FKBP51 binds to ABCG2 promoter. (a) Enriched DNA amplification bands in FKBP51-immunoprecipitated samples compared with IgG samples. ChIP with ZNF 224 served as positive control. ChIP was conducted with crosslinked chromatin, and DNA enrichment was evaluated using primers recognizing DNA-ligated poly-linkers (see Materials and Methods). G3PDH was used as ChIP quality control. (b) Enrichment of DNA regions at −3450 (blue square), −3219 (pink square), and −939 (red square) from TSS of ABCG2 gene in FKBP51-immunoprecipitated chromatin. Specificity of FKBP51 binding to ABCG2 promoter is suggested by lack of enrichment of DNA regions at −2897, −2060, and −127

Figure 7
figure 7

FKBP51 interacts with the general transcriptional co-activator p300. (a, left) FKBP51 co-immunoprecipitates with p300. (a, right), p300 co-immunoprecipitates with FKBP51. Total-cell lysates were prepared by SAN melanoma cells transfected with FKBP51/Flag. Cell lysates were immunoprecipitated with anti-Kat3B/p300 (IP p300) or anti-Flag (IP FKBP51). Immunoprecipitated and total lysates were then subjected to western blot with anti-FKBP51 or anti-p300. (b) ChIP performed with SAN melanoma cells, silenced (FKBP51 siRNA) or not (NS RNA) for FKBP51. An enrichment of DNA (region at −3450 from TSS of ABCG2 gene) can be observed in p300-immunoprecipitated chromatin (NS RNA) compared with IgG sample. Such an enrichment appeared to be reduced when FKBP51 was silenced (FKBP51 siRNA)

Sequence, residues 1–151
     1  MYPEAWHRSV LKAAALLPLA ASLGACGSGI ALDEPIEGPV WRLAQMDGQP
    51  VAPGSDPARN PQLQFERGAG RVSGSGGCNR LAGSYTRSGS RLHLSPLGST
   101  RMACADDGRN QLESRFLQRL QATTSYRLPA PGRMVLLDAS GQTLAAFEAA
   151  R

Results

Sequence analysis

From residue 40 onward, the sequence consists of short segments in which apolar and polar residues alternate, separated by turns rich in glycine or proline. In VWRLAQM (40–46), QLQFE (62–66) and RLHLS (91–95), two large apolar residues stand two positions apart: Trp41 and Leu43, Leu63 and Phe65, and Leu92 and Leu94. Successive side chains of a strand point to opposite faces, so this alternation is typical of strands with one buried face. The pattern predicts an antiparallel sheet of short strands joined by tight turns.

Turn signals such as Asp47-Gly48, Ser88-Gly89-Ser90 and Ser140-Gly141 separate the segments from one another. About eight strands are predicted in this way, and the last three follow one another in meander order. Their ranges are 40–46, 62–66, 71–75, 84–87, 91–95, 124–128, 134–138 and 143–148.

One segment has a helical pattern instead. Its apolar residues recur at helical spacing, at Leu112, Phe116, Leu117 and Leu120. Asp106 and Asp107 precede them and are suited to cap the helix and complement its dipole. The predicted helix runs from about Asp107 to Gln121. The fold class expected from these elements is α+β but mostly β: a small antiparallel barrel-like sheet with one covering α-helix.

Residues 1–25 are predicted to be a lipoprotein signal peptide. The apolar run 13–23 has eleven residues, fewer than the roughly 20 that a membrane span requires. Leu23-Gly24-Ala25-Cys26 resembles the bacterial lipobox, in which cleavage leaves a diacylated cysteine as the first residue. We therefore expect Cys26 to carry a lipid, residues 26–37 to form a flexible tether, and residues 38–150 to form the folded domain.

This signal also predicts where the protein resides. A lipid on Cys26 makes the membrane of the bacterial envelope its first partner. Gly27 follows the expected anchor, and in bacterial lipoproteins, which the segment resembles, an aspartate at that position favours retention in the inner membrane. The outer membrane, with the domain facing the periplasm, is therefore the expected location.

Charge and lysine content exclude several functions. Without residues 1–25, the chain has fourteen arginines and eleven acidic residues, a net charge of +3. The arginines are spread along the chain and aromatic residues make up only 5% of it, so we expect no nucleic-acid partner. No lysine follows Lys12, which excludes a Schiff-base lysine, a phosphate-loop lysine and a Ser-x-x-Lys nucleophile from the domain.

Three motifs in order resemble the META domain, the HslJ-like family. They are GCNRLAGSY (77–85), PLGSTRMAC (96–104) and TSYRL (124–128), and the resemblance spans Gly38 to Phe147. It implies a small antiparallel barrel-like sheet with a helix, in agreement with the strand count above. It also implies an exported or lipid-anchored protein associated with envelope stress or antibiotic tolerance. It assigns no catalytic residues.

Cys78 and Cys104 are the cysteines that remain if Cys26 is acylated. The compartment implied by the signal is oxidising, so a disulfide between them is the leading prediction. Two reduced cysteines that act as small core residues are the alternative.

Melanoma often starts as a single skin tumour. Following primary surgical resection, this tumour can remain clinically quiescent for years but, unpredictably, malignant melanocytes can spread to distant locations and cause metastasis. The most common sites of melanoma metastases are in the subcutaneous tissue, lymph nodes, lungs, liver, brain, and bone. In most cases, there is no cure for advanced melanoma. The change during melanoma progression, that causes the switch from a locally growing tumour to a metastatic invader, remains obscure. In the present study, we show that FKBP51 plays a major role in promoting activation of genes involved in melanoma progression.